By Jasmine Turner |Staff Writer|
Enthusiasts soared like butterflies in the CSUSB play, “Black Butterfly”, written by Luis Alfaro and directed by Johanna Smith, a story of young Latina girls growing up in the rural areas of East Los Angeles.
Smith put the story in the perspective that, “Truth is inspiring and reality is inspiring. These girls growing up is amazing and their stories are amazing.”
After the performance, a few students shared their thoughts on the play.
“The Theater Department did a great job covering the ethnic side of the play and the thoughts of young people,” said Tanjanice Marks.
“This is something that needs to be seen in middle school through high schools,” continued Marks.
“Black Butterfly” shows the challenges and experiences each young girl faces in every area of their life, taking you on a journey into the teenage mind.
“The plays message and acting was great,” said CSUSB President Tomás Morales. “This message is what girls need to hear.”
I spotted two young ladies chatting in the foyer and interviewed them on their thoughts on the production.
“While watching the play, I was reminiscing those tough times at that age, and the 90’s soundtrack playing,” chuckled Fatima Adorne, a CSUSB Alumni.
“Young girls should see this play because the message never leaves you, and you still have those same thoughts now as a woman,” said Carly Chavez, a CSUSB Alumni.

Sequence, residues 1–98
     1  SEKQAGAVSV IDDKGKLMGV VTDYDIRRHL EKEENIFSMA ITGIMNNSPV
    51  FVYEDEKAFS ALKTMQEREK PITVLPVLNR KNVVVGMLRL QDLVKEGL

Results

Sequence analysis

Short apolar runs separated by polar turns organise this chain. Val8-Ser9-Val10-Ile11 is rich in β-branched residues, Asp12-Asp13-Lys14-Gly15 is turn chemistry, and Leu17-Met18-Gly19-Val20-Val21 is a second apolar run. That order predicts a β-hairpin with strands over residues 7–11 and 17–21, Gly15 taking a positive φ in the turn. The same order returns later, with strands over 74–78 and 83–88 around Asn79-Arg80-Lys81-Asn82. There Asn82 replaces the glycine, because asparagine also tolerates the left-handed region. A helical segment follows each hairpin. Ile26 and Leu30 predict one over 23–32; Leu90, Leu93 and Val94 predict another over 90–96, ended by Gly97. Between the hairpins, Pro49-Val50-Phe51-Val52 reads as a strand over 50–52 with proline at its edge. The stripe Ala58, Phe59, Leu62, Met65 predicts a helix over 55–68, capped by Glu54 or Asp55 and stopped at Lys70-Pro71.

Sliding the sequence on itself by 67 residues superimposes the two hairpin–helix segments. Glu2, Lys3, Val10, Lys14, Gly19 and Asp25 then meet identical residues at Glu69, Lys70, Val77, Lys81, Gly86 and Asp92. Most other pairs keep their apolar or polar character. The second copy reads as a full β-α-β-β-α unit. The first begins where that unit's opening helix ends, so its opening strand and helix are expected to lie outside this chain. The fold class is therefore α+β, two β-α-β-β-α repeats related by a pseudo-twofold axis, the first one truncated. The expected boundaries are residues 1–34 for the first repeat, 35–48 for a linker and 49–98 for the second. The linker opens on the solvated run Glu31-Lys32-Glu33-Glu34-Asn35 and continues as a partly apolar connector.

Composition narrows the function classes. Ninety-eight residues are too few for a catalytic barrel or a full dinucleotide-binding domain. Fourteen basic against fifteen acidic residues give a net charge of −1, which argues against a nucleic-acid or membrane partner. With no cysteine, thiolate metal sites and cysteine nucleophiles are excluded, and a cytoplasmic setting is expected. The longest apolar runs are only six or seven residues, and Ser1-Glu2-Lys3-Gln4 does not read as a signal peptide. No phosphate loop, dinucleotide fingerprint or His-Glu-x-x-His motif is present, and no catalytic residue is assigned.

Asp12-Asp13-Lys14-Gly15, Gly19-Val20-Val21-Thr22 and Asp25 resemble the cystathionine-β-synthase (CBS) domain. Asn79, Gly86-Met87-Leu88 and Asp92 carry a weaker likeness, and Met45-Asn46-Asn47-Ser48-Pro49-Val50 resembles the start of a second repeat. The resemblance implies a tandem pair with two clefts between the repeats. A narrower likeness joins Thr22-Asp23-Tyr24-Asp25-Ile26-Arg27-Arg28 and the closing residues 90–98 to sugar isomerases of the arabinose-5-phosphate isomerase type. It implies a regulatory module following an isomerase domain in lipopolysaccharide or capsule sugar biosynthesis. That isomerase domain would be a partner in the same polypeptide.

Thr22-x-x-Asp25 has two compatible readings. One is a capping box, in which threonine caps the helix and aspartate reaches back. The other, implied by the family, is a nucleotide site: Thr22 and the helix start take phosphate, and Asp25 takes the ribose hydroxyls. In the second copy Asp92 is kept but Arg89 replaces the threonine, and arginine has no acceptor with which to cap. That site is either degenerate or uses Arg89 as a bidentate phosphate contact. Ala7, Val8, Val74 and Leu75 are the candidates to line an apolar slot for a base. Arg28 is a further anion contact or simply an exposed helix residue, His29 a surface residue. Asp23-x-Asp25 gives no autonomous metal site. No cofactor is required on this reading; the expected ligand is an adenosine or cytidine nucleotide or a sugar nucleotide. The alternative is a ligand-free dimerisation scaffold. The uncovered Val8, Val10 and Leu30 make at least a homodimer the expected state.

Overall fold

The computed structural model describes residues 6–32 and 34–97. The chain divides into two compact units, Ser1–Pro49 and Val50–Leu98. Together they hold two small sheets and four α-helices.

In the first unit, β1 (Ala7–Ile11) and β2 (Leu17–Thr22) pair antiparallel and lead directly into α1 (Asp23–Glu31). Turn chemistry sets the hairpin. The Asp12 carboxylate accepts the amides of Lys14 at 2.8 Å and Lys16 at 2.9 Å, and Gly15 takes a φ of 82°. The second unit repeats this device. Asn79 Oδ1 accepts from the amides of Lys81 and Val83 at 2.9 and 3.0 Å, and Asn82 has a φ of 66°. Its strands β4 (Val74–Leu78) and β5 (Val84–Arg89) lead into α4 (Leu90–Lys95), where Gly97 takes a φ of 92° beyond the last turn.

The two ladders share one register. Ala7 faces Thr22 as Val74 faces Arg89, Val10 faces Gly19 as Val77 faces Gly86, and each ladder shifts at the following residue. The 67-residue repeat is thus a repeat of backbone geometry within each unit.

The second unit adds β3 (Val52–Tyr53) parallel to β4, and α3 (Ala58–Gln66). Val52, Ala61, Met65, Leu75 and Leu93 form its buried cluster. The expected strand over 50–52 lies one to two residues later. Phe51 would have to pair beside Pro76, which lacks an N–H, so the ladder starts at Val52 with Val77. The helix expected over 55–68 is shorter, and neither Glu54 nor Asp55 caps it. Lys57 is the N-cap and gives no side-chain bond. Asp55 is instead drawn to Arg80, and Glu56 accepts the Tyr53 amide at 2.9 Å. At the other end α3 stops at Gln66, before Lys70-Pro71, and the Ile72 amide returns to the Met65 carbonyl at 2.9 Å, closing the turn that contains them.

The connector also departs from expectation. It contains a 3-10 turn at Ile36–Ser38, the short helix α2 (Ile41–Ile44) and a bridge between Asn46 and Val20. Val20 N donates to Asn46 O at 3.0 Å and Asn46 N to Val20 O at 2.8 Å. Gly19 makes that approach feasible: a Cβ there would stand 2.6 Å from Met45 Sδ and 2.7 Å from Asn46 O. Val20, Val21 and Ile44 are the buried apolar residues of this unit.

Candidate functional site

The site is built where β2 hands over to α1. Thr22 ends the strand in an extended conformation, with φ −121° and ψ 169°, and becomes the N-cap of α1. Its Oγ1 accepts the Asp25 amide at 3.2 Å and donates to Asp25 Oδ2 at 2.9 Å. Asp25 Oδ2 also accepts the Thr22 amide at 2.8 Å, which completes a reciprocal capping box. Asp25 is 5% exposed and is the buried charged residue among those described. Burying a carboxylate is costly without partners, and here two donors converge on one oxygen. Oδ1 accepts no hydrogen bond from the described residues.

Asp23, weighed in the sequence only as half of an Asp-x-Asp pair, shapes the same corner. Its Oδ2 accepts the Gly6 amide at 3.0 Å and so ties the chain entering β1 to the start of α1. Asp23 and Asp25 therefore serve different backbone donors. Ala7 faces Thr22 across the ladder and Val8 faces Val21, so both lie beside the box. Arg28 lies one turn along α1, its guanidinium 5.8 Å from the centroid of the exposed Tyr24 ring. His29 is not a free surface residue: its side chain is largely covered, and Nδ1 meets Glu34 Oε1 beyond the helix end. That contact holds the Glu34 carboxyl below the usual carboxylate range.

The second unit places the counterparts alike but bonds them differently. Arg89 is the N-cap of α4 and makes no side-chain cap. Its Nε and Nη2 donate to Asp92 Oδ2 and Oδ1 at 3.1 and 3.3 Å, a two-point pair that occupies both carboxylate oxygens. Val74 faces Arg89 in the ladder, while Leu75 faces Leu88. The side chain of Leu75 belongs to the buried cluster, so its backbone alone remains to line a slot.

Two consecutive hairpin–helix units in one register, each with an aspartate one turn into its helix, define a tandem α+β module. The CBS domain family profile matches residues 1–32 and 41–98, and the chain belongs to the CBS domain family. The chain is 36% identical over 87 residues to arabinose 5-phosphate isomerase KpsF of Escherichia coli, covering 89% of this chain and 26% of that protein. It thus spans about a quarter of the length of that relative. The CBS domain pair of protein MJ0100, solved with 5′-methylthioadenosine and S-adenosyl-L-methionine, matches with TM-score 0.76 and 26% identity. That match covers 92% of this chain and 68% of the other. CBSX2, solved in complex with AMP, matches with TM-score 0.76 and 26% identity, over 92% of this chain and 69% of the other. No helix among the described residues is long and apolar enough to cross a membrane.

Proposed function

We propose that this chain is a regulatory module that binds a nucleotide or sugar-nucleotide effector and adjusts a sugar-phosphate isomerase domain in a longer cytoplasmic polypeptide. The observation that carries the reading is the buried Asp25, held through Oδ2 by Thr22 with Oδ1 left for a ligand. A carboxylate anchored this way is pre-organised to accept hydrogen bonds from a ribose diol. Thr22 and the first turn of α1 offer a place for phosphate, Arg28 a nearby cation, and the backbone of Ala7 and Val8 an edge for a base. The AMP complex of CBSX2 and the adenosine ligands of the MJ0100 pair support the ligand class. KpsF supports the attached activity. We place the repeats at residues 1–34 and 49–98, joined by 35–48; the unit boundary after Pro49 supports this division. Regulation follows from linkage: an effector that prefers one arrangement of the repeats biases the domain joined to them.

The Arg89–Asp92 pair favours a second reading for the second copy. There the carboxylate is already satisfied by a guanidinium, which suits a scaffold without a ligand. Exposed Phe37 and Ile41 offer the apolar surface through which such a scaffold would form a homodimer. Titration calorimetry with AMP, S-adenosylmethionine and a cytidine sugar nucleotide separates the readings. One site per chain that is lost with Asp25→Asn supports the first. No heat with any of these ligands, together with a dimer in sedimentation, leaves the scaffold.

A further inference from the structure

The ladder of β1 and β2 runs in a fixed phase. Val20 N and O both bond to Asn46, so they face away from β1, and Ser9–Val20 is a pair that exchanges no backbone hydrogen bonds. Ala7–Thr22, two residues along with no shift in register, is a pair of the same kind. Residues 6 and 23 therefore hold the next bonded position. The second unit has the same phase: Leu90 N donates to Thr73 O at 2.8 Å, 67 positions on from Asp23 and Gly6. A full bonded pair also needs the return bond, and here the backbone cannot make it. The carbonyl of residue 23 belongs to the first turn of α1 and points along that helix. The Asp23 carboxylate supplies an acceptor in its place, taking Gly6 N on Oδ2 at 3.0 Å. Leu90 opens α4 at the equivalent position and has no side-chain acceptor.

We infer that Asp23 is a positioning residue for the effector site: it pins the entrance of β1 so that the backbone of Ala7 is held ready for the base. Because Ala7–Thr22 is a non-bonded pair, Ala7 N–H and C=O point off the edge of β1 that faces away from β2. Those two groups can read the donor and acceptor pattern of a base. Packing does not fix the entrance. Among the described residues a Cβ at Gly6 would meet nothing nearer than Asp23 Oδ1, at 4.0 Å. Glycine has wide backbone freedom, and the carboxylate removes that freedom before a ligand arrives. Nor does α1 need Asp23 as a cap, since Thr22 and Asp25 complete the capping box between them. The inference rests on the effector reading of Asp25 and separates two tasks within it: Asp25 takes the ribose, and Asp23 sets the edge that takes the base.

Other attendees expressed their feelings of excitement about finally having something to reach the young Latina generation.
“I’m going to do my best to get this play in the Fontana School District,” said BarBara Chavez, president of the board of education.
While watching the play, the atmosphere was full of entertainment, as audience members were dazzled by each character’s colorful and adolescent humor.
The music played between scenes was very funky and had a Latin feel. Each character had colorful costumes that matched their character perfectly. The actors did a fabulous job portraying their characters and making them relatable.
A series of poems titled “Ten Things Girls Say To Each Other,” where the girls discuss multiple topics such as uncomfortable interactions with boys and favorite television shows, made the scenes relatable for an audience of young girls.
The audience shared plenty of oohs, awes, and laughter when characters said their lines.
“I can’t wait to get older, so I can ride in a convertible at night,” said Monica, played by Estrella Silva.
The audience cheered on the characters in the last scene, “Girl Manifesto”, where the girls now women, come to self-realization, that they are who they are and that’s fine.
“I’m the super girl of my comic book,” said Dolores, played by Daniella Lockhart.
“Black Butterfly” was definitely a box office hit and if rated on a scale of one to five, I would give it five paws.
It just goes to show theater has a message for everyone, including young people.